Book of abstracts of the Workshop "Disseminating Biodiversity Information"
ESF & ETI (UNESCO), Amsterdam, 24-27 March 1996
In groups were classifications are subject to a lot of revisions (because they
are not well known), experts are reluctant to disseminate biodiversity
information to general public. In such taxonomic groups, there is a need for
research-oriented systems dedicated to computer-aided systematics.
To answer this problem of expertise, we have built user-friendly computer tools based on the application of the scientific method in biology (experimenting and testing):
* Acquiring a descriptive model by defining dependant observable objects and characters,
* Collecting structured and pre-classified observed descriptions (cases) with an automatically built questionnaire that matches the descriptive model,
* Processing the cases to learn inductive hypothesis (classifications), and testing them with new observations for identification (by determination with rules or by matching with case-based reasoning),
* Validating the learnt knowledge: the expert can update the knowledge base according to the results obtained during classification and/or identification, and thus improve iteratively his descriptive model and case base.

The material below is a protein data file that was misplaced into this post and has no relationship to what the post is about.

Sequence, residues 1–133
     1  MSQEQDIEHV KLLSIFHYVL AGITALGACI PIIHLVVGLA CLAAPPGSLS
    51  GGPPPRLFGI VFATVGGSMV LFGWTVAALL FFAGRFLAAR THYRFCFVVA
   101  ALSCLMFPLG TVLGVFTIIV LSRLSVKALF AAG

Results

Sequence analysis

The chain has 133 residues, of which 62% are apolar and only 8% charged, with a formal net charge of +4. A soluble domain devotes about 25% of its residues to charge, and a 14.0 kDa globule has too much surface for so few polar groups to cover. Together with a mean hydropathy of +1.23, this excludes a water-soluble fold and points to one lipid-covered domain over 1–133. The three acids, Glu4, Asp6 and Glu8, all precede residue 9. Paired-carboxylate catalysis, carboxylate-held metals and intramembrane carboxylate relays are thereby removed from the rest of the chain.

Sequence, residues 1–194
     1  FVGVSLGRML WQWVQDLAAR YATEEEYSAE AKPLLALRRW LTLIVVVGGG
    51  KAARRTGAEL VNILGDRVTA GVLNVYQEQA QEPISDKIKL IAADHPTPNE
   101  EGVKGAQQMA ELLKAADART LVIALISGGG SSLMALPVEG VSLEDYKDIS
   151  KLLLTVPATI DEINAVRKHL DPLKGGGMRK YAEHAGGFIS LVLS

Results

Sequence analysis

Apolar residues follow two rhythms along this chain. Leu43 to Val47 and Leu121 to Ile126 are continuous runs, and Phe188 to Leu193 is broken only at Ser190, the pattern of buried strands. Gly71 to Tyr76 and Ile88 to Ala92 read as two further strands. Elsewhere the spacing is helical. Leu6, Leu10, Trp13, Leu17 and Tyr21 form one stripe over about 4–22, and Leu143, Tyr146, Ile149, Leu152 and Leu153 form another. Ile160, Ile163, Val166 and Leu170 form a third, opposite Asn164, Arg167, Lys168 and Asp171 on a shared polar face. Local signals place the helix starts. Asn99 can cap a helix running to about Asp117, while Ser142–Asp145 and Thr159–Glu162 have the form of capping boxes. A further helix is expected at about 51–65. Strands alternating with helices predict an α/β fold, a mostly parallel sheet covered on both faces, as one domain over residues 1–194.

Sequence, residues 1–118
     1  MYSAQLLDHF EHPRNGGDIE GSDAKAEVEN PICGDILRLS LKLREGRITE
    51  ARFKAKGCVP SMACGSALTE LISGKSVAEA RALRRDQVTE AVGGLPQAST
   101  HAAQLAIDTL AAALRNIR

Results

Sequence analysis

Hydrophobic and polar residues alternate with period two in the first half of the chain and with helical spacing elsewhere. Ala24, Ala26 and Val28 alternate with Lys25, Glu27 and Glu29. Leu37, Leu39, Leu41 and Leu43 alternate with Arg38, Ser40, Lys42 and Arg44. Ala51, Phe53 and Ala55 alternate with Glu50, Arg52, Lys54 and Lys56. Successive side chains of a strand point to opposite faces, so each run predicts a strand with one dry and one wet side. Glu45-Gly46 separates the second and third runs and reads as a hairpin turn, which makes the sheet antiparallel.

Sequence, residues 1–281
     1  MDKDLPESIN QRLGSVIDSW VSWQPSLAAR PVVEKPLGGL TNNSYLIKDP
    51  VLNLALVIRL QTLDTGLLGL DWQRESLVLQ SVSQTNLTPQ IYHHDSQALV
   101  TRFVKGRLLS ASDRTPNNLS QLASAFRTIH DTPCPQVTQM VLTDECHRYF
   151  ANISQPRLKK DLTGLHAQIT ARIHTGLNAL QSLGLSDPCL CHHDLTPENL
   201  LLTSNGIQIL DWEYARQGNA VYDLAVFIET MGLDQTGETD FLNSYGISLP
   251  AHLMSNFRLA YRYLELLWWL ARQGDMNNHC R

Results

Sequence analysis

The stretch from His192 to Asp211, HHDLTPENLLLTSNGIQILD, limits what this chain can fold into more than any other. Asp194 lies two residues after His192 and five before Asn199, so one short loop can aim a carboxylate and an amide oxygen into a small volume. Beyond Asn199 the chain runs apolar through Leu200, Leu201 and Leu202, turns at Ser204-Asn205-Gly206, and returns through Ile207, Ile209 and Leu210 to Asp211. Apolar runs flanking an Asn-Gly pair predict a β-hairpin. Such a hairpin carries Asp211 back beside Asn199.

This knowledge acquisition method has been tested on a sponge domain (genus Hyalonema, 125 cases, 25 objects, 46 characters) and is currently applied on Scleractinians (genus Pocillopora, about 40 cases). It shows the central role played by the descriptive model. This is an observable descriptive tree on which cases can be compared with one another from the structure of their dependant objects. More fundamental is the capacity to build such a model with the group of specialists (isolated in space and time) after a common inventory (thesaurus) on a target taxon (family or genus). This collective work with the same method is a preliminary task to the elaboration of a complete knowledge-based system from specimens. This approach is worth being experimented by systematician users in a project relative to high-speed networks in Europe, in order to improve the quality of the disseminated information.
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